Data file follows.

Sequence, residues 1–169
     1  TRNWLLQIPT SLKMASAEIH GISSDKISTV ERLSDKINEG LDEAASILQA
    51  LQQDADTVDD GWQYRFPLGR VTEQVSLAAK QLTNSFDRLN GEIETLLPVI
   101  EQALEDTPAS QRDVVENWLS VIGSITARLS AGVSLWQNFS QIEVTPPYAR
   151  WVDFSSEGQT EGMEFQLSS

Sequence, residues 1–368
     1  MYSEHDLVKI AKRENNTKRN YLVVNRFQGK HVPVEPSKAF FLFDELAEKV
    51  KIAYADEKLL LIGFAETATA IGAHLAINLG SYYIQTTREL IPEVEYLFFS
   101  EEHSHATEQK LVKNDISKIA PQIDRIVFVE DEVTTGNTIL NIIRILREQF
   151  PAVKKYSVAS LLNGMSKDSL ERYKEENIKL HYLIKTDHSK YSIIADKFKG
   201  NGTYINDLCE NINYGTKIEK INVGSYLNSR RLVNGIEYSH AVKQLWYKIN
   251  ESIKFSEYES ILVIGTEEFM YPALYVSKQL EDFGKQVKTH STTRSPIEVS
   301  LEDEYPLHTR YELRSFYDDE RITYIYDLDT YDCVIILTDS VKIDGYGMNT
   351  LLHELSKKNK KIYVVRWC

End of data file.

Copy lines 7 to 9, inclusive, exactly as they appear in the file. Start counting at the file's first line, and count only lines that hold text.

     1  MYSEHDLVKI AKRENNTKRN YLVVNRFQGK HVPVEPSKAF FLFDELAEKV
    51  KIAYADEKLL LIGFAETATA IGAHLAINLG SYYIQTTREL IPEVEYLFFS
   101  EEHSHATEQK LVKNDISKIA PQIDRIVFVE DEVTTGNTIL NIIRILREQF